There are many ways to foster a movement, but few provide lovelier images—and a more painless feel-good opportunity—than Earth Hour, the environmental observance that celebrates its 6th anniversary this Saturday, from 8:30-9:30 p.m.
Plunging a major city, and its defining monuments, into orchestrated darkness has undeniable visual…well, power; and what could be easier for ordinary citizens than turning off their lights for an hour, lighting candles, and feeling part of something big? No wonder, then, that Earth Hour 2012 is expected to be the biggest one yet.
But first, a brief history:
- In 2007, the World Wildlife Fund of Australia launches a climate change initiative wholly contingent upon citizen participation.To promote the issue of energy conservation, and as a symbol of unity, businesses and residents of Sydney are asked to turn off lights for a single, simultaneous evening hour. 2.2 million people and more than 2,000 businesses comply, and Sydney goes dark for an hour.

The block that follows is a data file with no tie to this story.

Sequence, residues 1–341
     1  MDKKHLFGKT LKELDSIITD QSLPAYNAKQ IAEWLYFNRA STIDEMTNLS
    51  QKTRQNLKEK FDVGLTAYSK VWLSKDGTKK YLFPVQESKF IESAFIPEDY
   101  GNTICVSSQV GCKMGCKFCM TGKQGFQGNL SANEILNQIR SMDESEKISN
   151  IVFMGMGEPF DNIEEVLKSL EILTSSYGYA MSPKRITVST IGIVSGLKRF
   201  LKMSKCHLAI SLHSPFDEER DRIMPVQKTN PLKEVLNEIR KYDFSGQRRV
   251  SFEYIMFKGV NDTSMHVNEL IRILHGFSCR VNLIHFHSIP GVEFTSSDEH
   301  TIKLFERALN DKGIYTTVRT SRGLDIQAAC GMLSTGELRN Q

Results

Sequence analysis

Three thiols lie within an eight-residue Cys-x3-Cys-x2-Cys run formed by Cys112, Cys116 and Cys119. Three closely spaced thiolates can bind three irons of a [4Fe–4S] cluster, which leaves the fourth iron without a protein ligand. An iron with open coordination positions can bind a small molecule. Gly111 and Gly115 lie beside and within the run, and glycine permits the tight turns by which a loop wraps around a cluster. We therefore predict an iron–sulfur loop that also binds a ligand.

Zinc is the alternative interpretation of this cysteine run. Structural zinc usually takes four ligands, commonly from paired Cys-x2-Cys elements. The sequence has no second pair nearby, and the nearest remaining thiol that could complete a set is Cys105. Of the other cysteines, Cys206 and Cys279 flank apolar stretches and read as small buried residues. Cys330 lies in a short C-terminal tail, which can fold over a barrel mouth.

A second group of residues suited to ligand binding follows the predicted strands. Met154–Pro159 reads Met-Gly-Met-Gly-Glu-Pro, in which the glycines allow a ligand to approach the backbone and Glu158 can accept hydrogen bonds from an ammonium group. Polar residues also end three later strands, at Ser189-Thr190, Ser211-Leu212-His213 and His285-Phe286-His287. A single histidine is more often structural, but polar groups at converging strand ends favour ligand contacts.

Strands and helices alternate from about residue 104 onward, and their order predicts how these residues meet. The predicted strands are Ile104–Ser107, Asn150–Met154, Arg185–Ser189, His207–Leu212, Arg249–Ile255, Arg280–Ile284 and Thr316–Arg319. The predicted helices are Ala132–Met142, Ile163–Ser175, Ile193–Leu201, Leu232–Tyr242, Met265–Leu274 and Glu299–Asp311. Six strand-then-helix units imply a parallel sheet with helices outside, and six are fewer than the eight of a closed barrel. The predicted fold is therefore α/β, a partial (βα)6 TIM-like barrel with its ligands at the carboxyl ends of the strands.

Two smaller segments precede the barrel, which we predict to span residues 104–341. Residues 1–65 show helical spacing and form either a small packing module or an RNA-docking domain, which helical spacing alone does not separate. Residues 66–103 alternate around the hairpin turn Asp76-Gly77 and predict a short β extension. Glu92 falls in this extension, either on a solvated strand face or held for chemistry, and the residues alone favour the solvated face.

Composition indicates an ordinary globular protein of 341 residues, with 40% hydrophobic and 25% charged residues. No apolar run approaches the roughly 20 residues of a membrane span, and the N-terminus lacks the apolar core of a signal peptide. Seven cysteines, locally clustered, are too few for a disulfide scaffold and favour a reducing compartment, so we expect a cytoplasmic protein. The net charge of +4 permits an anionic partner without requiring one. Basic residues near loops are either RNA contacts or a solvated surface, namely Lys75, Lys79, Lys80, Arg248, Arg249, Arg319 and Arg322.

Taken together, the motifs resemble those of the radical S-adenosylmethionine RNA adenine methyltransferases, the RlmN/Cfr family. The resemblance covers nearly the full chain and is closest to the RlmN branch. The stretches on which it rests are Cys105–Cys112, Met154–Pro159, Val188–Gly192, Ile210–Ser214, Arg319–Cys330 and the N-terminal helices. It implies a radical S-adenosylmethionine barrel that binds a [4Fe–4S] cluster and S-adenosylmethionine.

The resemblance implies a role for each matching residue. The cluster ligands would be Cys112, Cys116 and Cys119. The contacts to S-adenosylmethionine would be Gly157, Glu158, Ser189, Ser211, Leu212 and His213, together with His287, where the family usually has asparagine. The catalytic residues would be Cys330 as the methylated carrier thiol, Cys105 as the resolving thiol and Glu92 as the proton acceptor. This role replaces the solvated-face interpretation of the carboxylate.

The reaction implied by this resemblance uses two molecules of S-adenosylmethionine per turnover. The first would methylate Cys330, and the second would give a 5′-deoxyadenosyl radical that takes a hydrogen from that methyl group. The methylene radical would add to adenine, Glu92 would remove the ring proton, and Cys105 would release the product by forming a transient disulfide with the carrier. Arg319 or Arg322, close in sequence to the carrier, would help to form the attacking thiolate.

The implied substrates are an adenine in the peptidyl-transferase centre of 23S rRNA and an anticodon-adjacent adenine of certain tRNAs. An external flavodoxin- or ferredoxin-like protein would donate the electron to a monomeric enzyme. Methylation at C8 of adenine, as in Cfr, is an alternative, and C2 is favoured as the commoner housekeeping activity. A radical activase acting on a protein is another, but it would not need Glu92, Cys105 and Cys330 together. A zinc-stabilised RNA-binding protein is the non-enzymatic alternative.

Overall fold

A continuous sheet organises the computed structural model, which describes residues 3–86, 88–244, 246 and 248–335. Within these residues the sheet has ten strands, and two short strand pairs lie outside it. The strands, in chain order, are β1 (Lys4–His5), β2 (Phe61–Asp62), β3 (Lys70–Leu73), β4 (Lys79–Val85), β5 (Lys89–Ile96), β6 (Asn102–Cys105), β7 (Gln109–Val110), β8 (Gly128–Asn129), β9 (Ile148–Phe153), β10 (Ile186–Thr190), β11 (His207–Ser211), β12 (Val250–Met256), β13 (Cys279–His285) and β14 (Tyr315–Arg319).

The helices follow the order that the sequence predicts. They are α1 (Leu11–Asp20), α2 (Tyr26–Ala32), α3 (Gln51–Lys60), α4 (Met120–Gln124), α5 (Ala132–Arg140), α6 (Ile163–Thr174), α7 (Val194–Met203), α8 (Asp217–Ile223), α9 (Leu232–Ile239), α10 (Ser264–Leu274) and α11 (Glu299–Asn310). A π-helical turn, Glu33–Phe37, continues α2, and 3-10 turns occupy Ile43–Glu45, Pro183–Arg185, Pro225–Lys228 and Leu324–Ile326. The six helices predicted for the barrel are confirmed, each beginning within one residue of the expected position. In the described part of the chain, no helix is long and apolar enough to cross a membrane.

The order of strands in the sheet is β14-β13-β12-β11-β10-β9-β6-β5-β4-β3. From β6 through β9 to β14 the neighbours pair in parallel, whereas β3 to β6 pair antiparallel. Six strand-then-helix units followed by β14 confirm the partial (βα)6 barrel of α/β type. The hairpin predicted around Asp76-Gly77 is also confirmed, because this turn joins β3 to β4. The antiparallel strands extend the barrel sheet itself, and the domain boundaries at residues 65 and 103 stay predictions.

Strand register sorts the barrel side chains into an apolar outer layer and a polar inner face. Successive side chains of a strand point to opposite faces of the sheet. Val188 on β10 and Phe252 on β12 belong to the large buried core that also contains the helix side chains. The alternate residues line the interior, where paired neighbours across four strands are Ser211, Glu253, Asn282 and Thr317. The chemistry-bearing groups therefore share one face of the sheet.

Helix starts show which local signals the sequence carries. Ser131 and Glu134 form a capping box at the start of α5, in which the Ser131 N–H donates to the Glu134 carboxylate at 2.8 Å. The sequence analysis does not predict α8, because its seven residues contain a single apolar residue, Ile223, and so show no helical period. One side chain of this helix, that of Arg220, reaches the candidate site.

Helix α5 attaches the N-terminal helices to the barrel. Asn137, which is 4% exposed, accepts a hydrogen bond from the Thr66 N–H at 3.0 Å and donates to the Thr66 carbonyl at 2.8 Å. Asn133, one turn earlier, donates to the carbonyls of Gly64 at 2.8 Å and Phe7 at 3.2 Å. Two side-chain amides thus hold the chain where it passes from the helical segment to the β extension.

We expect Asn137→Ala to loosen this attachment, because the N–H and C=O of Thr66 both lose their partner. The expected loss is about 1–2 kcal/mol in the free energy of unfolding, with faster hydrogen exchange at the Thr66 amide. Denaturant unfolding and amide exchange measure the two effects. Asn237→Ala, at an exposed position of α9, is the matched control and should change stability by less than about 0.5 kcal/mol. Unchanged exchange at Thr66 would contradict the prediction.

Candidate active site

- A year later, 35 countries and almost 400 cities sign on to participate in Earth Hour, slated for the last Saturday of March.
- In 2011, its 5th anniversary, Earth Hour is observed by 135 countries. Nearly every major city, from Rome to Rio, Copenhagen to Cairo, darkens its most famous buildings and monuments for an hour; while, simultaneously, citizens participate in ways both solitary and social.
Conservation that spans a single hour won’t save the earth, of course, but symbolic gestures have always played a role in tackling big, complicated issues. Still, no one accustomed to the bright lights of a big city will need convincing that even an hour of darkness can wield a mighty energy savings punch, however briefly.
So, why not find a reason to sit in darkness for an hour this Saturday? After all, everything—and everyone—looks good in candlelight.
View the official Earth Hour 2012 video here.
Photo credit: Jody Spectrum, WWF Australia